amazon's elastic compute cloud, "ec2", provides a flexible and scalable hosting option for applications. while ec2 is not inherently suited for running application stacks with relational databases such as lamp, it does provide many advantages over traditional hosting solutions.

in this article we get a sense of lamp performance on ec2 by running a series of benchmarks on the drupal cms system. these benchmarks establish read throughput numbers for logged-in and logged-out users, for each of amazon's hardware classes.

we also look at op-code caching, and gauge it's performance benefit in cpu-bound lamp deployments.

the elastic compute cloud

amazon uses xen based virtualization technology to implement ec2. the cloud makes provisioning a machine as easy as executing a simple script command. when you are through with the machine, you simply terminate it and pay only for the hours that you've used.

ec2 provides three types of virtual hardware that you can instantiate. these are summarized in the table below.

machine type hourly cost memory cpu units platform small Instance $0.10 1.7 GB 1 32-bit platform large Instance $0.40 7.5 GB 4 64-bit platform extra large Instance $0.80 15 GB 8 64-bit platform note: one compute unit provides the equivalent CPU capacity of a 1.0-1.2 GHz 2007 Opteron or 2007 Xeon processor.

target deployments

to keep things relatively simple, the target deployment for our load test is basic; the full lamp stack runs on a single server. this is step zero in the five deployment steps that i outlined in an open-source infrastructure for high-traffic drupal sites.

our benchmark

our benchmark consists of a base drupal install, with 5,000 users and 50,000 nodes of content-type "page". nodes are an even distribution of 3 sizes, 1K, 3K and 22K. the total database size is 500Mb.

during the test, 10 threads read nodes continually over a 5 minute period. 5 threads operate logged-in. the other 5 threads operate anonymously (logged-out). each thread reads nodes randomly from the pool of 50,000 available.

this test is a "maximum" throughput test. it creates enough load to utilize all of the critical server resource (cpu in this case). the throughput and response times are measured at that load. tests to measure performance under varying load conditions would also be very interesting, but are outside the scope of this article.

the tests are designed to benchmark the lamp stack, rather than weighting it towards apache. consequently they do not load external resources. that is, external images, css javascript files etc are not loaded, only the initial text/html page. this effectively simulates drupal running with an external content server or cdn.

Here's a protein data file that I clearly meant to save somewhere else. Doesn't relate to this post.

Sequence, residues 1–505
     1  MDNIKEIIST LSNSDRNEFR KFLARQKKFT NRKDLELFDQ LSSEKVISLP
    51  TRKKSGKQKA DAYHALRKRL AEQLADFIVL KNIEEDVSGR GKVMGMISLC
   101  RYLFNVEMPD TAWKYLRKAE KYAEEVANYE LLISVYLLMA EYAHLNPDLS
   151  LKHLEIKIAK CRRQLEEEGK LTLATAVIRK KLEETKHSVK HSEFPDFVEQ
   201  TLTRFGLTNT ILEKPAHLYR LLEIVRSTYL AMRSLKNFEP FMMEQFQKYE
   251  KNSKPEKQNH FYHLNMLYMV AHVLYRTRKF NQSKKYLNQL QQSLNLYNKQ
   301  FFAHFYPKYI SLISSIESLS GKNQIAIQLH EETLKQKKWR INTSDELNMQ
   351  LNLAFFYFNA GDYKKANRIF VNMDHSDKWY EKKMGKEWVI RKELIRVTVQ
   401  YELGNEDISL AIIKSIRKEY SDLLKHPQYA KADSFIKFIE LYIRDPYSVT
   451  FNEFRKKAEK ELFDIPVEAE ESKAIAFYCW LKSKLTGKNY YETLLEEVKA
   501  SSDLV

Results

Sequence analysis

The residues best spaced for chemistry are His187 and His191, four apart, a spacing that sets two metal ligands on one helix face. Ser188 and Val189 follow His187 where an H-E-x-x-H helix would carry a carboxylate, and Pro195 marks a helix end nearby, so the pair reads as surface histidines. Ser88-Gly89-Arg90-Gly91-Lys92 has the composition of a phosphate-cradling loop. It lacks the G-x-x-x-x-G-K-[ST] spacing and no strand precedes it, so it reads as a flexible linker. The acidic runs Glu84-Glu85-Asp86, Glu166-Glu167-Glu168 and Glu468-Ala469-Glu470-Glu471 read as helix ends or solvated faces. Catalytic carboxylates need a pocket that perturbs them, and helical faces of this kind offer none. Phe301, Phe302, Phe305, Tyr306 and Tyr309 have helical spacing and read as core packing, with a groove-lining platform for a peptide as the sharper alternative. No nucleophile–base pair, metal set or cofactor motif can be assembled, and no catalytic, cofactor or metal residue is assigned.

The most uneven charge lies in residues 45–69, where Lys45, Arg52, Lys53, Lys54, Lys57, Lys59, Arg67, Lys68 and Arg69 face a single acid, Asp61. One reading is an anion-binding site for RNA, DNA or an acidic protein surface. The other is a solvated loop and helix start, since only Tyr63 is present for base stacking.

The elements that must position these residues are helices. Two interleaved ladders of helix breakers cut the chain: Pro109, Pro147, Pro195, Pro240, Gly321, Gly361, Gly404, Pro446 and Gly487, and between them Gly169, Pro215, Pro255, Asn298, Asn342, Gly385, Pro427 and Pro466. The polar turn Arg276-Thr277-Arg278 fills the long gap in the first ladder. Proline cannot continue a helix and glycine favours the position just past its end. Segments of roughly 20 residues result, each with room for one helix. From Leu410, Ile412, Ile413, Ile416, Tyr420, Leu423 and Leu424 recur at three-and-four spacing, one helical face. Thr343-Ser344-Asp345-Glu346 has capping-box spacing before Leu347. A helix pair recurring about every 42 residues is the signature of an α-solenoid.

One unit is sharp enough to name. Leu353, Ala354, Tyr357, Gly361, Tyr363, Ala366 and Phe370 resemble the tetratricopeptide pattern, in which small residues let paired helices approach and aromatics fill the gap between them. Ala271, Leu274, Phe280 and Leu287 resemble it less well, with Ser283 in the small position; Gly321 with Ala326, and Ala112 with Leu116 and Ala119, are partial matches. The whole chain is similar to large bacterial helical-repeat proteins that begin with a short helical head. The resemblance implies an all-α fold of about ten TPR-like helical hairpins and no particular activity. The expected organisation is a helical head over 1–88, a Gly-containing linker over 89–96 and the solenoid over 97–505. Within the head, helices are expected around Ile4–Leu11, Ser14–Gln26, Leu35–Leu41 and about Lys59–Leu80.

the benchmark runs in apache jmeter. jmeter runs on a dedicated small-instance on ec2.

benchmarking is done with op-code caching on and off. since our tests are cpu bound, op-code caching makes a significant difference to php's cpu consumption.

our testing environment

the tests use a debian etch xen instance, running on ec2. this instance is installed with:
  • MySQL: 5.0.32
  • PHP: 5.2.0-8
  • Apache: 2.2.3
  • APC: 3.0.16
  • Debian Etch
  • Linux kernel: 2.6.16-xenU

the tests use a default drupal installation. drupal's caching mode is set to "normal". no performance tuning was done on apache, mysql or php.

the results

all the tests ran without error. each of the tests resulted in the server running at close to 100% cpu capacity. the tests typically reached steady state within 30s. throughputs gained via jmeter were sanity checked for accuracy against the http and mysql logs. the raw results of the tests are shown in the table below. instance apc? logged-in throughput logged-in response logged-out throughput logged-out response small off 194 1.50 664 0.45 large off 639 0.46 2,703 0.11 xlarge off 1,360 0.20 3,741 0.08 small on 905 0.30 3,838 0.07 large on 3,106 0.10 8,033 0.04 xlarge on 4,653 0.06 12,548 0.02

note: response times are in seconds, throughputs are in pages per minute

the results - throughput

the throughput of the system was significantly higher for the larger instance types. throughput for the logged-in threads was consistently 3x lower than the logged-out threads. this is almost certainly due to the drupal cache (set to "normal").

throughput was also increased by about 4x with the use of the apc op-code cache.

the results - response times

the average response times were good in all the tests. the slowest tests yielded average times of 1.5s. again, response times where significantly better on the better hardware and reduced further by the use of apc.


drupal systems perform very well on amazon ec2, even with a simple single machine deployment. the larger hardware types perform significantly better, producing up to 12,500 pages per minute. this could be increased significantly by clustering as outlined here.

the apc op-code cache increases performance by a factor of roughly 4x.

these results are directly applicable to other cpu bound lamp application stacks. more consideration should be given to applications bound on other external resources, such as database queries. for example, in a database bound system, drupal's built-in cache would improve performance more significantly, creating a bigger divergence in logged-out vs logged-in throughput and response times.

although performance is good on ec2, i'm not recommending that you rush out and deploy your lamp application there. there are significant challenges in doing so and ec2 is still in beta at the time of writing (Jan 08). it's not for the faint-of-heart. i'll follow up in a later blog with more details on recommended configurations.